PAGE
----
"Everyone talks about the adrenaline rush I would get on the morning of the Big Race," Matt told me the next day over a plate of grilled chicken and steamed-in-the-bag vegetables, "but I never got an adrenaline rush. The whole thing was just too surreal. I was on 4 hours of sleep, and all I kept thinking was, 'I'm running a what, now? Who signed me up for this? Why am I not in bed?' I didn't know 8 a.m. actually existed on a Sunday morning!"

But early hours did exist on Sunday, as Matt found out when his cell phone alarm went off at 6, waking him from a fitful slumber that had only taken hold after 1 a.m. He pinned his number (20076) to his long-sleeved technical shirt, downed a cup of orange juice and a handful of Cheerios, and headed out the door. He arrived at the National Mall around 7:30 -- a full 70 minutes before his starting time.

"It appears somebody miscalculated," Matt said, cursing the efficiency of the DC transit authority. "Anyway, it was really neat down there, almost a carnival atmosphere. The whole thing was just like July 4th, except everybody was running!"

Having arrived so early, Matt had no choice but to walk around, sometimes jogging lightly to keep warm. By the time the 5K race was set to start, Matt had been warming up his legs for about an hour.

There was no "On your mark, get set, go!" that Matt had envisioned in his dreams. The only way Matt knew the race had begun was that everyone in front of him started slowly shuffling forward. It took about 90 seconds to cross the starting mats, and then Matt started.

To Walk or Not to Walk

"Everyone had warned me about starting too fast," Matt recalled. "They said I would get caught up in the excitement of running with a thousand other people. They said I should slow down! So I did. But not enough."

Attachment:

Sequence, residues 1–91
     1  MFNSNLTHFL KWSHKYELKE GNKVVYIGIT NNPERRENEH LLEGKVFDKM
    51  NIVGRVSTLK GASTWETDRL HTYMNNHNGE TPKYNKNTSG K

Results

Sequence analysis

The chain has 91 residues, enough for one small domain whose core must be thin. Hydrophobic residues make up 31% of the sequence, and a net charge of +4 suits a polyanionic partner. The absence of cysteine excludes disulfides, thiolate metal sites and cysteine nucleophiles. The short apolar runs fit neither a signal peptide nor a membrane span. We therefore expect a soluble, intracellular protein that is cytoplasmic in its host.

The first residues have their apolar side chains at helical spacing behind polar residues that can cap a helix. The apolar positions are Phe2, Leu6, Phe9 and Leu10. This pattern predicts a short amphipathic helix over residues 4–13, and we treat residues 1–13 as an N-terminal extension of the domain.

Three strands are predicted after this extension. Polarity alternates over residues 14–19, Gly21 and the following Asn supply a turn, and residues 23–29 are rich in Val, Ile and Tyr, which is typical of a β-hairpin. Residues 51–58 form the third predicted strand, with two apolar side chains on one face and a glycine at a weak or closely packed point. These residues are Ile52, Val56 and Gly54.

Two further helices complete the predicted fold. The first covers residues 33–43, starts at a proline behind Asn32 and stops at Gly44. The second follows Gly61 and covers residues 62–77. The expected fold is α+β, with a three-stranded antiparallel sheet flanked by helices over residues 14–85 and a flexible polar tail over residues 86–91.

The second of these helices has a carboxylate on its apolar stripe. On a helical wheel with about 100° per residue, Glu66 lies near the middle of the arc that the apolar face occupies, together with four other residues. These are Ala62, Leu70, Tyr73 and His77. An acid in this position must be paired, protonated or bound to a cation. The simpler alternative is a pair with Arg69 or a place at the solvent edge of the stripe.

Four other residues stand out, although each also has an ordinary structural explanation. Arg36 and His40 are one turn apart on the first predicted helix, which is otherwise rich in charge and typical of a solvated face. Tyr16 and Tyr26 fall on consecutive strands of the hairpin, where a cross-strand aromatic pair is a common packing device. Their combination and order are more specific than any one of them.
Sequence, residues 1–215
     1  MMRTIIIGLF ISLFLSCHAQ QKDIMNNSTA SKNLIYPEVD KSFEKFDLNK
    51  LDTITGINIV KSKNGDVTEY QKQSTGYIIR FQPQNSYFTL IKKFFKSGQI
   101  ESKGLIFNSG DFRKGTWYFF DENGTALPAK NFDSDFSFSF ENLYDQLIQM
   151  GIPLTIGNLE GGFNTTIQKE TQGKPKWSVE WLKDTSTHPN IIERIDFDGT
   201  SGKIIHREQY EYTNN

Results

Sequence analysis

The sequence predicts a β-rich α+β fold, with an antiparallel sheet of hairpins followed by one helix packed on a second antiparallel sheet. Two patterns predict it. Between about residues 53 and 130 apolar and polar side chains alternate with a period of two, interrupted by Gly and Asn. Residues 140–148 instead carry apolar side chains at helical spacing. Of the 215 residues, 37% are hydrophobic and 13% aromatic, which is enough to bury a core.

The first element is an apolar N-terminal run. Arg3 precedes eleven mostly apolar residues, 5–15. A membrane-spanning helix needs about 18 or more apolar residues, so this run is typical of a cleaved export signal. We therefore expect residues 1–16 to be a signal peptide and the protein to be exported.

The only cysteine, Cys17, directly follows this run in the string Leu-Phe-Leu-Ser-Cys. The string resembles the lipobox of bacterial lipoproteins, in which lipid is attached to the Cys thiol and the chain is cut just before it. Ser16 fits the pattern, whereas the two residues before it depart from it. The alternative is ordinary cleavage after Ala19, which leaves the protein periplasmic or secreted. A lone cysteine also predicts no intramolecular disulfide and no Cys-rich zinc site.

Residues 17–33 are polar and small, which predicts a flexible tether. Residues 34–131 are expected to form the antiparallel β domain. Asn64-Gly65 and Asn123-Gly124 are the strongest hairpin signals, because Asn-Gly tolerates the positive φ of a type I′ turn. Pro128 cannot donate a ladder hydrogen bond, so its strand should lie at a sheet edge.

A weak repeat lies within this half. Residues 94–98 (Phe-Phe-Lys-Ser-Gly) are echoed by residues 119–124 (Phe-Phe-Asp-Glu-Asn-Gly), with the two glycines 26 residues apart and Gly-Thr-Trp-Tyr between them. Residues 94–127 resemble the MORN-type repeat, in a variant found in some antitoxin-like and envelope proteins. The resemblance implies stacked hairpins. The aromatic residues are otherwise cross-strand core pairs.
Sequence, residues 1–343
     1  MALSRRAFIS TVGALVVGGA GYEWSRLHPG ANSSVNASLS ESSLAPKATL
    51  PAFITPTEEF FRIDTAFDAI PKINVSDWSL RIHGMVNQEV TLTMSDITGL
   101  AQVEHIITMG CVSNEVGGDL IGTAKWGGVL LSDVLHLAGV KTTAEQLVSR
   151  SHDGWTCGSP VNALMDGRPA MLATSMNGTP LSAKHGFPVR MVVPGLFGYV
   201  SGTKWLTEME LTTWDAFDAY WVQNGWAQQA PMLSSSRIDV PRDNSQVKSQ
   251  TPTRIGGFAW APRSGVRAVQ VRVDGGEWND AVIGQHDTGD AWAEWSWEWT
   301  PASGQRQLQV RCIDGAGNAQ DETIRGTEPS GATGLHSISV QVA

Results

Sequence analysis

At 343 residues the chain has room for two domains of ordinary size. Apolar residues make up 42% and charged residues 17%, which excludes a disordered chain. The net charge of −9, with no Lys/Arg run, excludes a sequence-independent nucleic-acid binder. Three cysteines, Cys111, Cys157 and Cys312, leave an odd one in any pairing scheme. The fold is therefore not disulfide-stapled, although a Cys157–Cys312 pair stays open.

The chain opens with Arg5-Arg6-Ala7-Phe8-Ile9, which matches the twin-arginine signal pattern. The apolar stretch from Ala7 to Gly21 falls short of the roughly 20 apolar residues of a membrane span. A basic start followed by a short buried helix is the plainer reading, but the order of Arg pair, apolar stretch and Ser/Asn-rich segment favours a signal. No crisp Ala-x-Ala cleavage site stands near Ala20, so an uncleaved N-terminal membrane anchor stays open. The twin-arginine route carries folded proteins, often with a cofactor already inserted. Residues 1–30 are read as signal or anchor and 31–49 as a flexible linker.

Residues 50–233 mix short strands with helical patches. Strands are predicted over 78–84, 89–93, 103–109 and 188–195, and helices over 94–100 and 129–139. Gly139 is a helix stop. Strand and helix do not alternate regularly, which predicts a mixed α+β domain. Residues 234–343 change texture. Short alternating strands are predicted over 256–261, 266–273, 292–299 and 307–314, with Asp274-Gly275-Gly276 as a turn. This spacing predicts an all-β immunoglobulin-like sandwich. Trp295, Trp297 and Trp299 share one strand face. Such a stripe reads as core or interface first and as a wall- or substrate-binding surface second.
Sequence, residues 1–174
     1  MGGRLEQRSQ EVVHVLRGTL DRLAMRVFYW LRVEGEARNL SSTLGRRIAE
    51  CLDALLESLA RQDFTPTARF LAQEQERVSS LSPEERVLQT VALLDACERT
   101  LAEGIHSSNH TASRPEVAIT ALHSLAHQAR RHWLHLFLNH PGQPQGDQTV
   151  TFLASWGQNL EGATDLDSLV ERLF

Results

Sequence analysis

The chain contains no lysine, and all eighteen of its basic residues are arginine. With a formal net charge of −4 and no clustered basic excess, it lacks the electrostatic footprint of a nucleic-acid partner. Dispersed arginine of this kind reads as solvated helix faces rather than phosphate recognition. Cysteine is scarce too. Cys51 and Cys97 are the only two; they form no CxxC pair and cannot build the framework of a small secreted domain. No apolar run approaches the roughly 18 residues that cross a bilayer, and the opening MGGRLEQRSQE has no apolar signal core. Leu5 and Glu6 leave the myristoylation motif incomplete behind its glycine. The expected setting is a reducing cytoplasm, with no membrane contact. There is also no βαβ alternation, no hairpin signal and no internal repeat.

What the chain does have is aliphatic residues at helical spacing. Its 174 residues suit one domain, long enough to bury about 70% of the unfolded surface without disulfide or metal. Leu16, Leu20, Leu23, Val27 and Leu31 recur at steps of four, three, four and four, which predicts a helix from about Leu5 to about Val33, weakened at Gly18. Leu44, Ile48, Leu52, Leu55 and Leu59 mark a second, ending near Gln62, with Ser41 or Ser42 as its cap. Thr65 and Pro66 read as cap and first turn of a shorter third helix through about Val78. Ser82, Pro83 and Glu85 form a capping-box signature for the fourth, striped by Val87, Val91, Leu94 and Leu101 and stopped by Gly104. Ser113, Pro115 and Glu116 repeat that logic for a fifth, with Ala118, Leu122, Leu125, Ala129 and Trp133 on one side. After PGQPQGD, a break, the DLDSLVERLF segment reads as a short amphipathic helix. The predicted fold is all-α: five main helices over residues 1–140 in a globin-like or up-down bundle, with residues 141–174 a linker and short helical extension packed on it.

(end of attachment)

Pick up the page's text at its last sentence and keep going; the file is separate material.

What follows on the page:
MILE 1 | 3:07 + 3:00 + 3:07 + 3:10 = 12:24
MILE 2 | 3:54 + 3:32 + 3:51 + 3:26 = 14:43
MILE 3 | 3:26 + 3:48 + 3:23 + 3:14 = 13:51
0.11 | 1:21

Indeed, as evidenced by Matt's unofficial mile splits, he hovered between 4.9 and 5.0 mph for the first mile. That speed, he says, would have been fine had he taken walk breaks from the beginning. But because of his excitement, he felt he was strong enough to run the first mile without walking.

"This was a race," Matt said. "I was supposed to push myself. I would have felt like a total idiot following Galloway's advice and taking walk breaks every few minutes."

However, after pushing himself for a mile, Matt -- who had originally signed up for the 10-mile run -- needed to walk.

"I was strong enough to run the first mile," Matt said. "But then I needed to slow down." For the next mile, he took minute-long walk breaks every 2-3 minutes.

At the 2 mile mark, he decided to try to push himself harder. "I had read somewhere that on a 5K my heart rate should be around 90-95% most of the time. Well, I generally was at around 170 for the few minutes at a time that I could maintain a run, but on my walk breaks I gradually dropped down to 150. I decided that I was going to only walk until my pulse hit 160, and then I'd pick it back up again."

So Matt's walk-breaks grew shorter. And yet, short as they were, whenever Matt walked, something ominous happened...

Battle with the Race-Walkers

"The entire race was a battle between me and the race-walkers," Matt recalled, poking at a microwaved baby carrot. "I noticed them as I ran past in the first mile. And I noticed them again as they walked past at the beginning of the second mile."

For the rest of the race, they would be lingering just behind, in the shadows, waiting to take the lead.

"There's nothing more annoying than a damn 50-year-old woman grinning giddily, holding her elbows high and pumping her arms as she marches past me while I am briefly recuperating at 2.5 mph."